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Homilies, 2004, Cycle-C

2004—Second Sunday of Easter—C

 

The story of "The Doubting Thomas." What are we to make of it? Many continue think of him as the sort of "weakest link" in the early apostolic community? I can hear that strangely curt TV announcer's voice now: "Thomas, you are the weakest link! Good Bye!" Remember her, and that voice?

When I was growing up, we were taught that poor Thomas doubted his faith and that this was, probably, his moment of greatest embarrassment. The only saving grace was that it did make him seem more like his friend Peter who seemed to mess things up so consistently. But "poor Thomas," went the refrain! He had to see something before he could believe. And so Jesus, rightly, and none too subtly, chastises him: "Blessed are those who have not seen and have believed."

Thus Thomas becomes the patron saint of skeptics, and persons of marginal faith, and the doubters of this world. This is the inevitable conclusion from a literal reading of the text. And then you may wonder: why is this story in there in the first place? Why tell a story of doubting faith? I've often wondered that, and have for a long time.

A very strange source offered the first answer to that question only a few months ago. It was Elaine Pagels in her latest book, Beyond Belief: The Secret Gospel of Thomas. She is credited, I'm sure you know, with much of the renewed interest in Gnostic literature. Her first book several years ago was titled simply: The Gnostic Gospels. Since then, we've had books on the Gospel of Mary Magdalen, the Gospel of Thomas, the Gospel of Peter, the now infamous novel, The DaVinci Code, and even an ABC documentary on "Jesus and Paul" that aired just last week, borrowing heavily on gnostic sources. The consistent theme is that there has been a great conspiracy of silence about how the early church really came to appreciate Jesus and his life, death and rising.

Except for Dan Brown's novel, these are all recently discovered documents that portray a much more diverse, some would say troubling, picture of the early years of Christianity. There were, apparently, many competing interpretations of Jesus, his life, death, and message. Two of the more significant "camps" came to be known as the "Johannine Christians," and the "Thomas Christians." Whether John and Thomas were actually involved we will never know. But the followers of Thomas spoke of a much more interior Jesus, what we might today call a more spiritual and introverted Jesus, whose principal preaching was to "turn inward and find the Kingdom therein."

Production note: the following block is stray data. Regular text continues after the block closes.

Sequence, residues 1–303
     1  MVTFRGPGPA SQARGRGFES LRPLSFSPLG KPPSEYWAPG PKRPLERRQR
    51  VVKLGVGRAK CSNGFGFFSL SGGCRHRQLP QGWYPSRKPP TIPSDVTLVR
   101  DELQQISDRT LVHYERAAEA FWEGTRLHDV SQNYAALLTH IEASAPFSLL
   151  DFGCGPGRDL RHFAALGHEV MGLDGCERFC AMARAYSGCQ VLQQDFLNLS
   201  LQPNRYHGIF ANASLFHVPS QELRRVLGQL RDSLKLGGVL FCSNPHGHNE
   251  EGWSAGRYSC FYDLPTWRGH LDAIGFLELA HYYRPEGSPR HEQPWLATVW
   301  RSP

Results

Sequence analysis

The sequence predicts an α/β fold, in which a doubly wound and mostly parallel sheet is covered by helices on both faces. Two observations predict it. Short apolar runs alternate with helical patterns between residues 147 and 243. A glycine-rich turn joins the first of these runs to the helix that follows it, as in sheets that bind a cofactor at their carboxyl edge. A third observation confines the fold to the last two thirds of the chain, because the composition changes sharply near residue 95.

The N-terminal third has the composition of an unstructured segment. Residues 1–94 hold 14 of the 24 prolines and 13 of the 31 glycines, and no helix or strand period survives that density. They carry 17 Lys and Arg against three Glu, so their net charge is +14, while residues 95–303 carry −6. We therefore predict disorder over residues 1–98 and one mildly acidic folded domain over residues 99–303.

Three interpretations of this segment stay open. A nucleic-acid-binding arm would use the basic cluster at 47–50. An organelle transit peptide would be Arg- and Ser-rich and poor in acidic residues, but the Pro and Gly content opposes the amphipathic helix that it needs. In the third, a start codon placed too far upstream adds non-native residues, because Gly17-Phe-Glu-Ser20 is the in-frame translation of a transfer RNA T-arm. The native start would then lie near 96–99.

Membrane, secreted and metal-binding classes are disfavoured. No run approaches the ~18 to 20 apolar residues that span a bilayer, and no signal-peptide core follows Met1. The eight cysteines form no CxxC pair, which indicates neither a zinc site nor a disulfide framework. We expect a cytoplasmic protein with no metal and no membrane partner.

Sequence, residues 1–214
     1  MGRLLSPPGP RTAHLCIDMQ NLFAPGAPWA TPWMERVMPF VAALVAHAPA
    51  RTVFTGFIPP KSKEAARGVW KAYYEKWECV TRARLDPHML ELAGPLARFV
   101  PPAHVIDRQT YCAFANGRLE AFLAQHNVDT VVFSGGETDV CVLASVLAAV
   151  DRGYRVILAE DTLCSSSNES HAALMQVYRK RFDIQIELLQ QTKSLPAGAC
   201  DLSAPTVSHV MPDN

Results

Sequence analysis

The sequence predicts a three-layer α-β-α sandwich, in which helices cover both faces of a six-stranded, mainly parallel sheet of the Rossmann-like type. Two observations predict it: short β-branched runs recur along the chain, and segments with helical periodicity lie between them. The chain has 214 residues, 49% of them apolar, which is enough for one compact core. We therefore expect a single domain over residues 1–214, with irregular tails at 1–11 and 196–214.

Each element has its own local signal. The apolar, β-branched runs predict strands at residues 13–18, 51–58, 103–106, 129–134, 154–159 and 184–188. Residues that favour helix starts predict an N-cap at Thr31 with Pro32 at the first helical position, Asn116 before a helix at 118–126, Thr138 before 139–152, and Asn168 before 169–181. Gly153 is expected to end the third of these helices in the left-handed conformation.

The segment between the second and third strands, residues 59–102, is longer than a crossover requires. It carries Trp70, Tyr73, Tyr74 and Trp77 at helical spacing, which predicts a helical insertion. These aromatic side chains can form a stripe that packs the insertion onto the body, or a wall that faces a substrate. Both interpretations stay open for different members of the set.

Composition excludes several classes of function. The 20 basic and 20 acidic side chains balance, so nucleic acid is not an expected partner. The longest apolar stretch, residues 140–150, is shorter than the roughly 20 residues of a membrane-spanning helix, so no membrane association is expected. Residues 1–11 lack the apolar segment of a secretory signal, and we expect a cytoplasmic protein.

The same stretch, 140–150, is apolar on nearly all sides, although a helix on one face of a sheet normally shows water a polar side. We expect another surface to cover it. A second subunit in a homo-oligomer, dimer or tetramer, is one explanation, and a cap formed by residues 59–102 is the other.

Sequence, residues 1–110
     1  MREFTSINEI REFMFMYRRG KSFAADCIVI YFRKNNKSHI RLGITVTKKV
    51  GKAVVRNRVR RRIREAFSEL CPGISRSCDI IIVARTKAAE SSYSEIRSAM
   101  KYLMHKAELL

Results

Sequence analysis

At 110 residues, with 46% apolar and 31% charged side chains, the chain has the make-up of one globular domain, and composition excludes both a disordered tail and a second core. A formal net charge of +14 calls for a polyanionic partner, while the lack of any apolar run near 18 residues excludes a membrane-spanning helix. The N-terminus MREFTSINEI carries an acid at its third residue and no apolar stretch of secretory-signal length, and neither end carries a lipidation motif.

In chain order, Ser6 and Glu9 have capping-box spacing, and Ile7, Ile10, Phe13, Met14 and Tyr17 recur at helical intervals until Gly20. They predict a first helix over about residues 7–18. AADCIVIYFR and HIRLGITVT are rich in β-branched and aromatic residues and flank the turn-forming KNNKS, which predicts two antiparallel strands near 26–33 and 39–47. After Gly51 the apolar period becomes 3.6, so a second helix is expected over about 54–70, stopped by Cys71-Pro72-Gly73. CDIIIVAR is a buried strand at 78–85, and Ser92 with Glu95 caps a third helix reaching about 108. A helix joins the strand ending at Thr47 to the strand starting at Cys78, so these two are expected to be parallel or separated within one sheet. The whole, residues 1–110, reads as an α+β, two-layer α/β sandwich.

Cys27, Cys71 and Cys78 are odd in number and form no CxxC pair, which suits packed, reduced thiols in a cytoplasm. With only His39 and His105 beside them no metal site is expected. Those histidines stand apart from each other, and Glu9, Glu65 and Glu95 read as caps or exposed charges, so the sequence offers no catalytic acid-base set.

John's followers, bolstered by Paul's own theology, won the gnostic wars. And, as the saying goes, history is written by the winners. Hence it is John's theology we all know today as one of the official "canonical" gospels. But in those early days of competing theologies, and perhaps even competing personality cults among preachers, Thomas was a heavy-weight, just not much liked by John and company. According to Pagels, their antagonism accounts for today's gospel story. John deliberately portrays Thomas as "weakest link," and one chastised by the Lord himself.

I have no idea if this interpretation is true. But it is the best explanation of why the story is only in John's gospel to begin with. The Doubting Thomas story—told as if to insult him further. Fascinating, and certainly plausible.

But wait. There are many in today's world and church who think of Thomas as the hero here. I'm one of them. I need a patron saint for skeptics. I want a patron saint who is not afraid to doubt, to question, to even not believe on occasion.

Some of us in today's world and in today's church have been fed a steady diet of reasons for skepticism. Some put more credence in the infamous quip from the Spanish philosopher Miguel de Unamuno: "Faith which has no doubt is bad faith."

If John intended to insult Thomas further, it may be backfiring! It seems that some people will follow an uncertain trumpet blast. Some people of good faith actually prefer the uncertain trumpet when the alternative is a smug certainty that seems a trifle arrogant. Some people of faith may indeed feel "like exiles in Babylon" these days. But the real Babylon has as surely crept within the walls of our church as much as it flourishes outside in our culture.

There is much to doubt as modern men and women try to come to mature faith. There is much to doubt within, and there is much to doubt without. No person of mature or maturing faith need fear those doubts. And healthy doubt will never produce a "religious illiterate."

In the Book of Revelation, the one like the Son of man says to us all today: "Do not be afraid. I am the first and the last, the One who lives." Do not be afraid—even of your skepticism and doubt. For like all those multitudes in the Acts reading today, we all still wait even for someone's shadow to fall on us and bring us healing. But we, like they, sometimes doubt it will ever happen. Do not be afraid—even of that doubt. "I am the first and the last, the One who lives." And so will you.

So what, finally, do we say of the Doubting Thomas story and what do we say to Thomas? My suggestion: Thomas, you are the weakest link! Pray for us! And be with us this day in our church!

 


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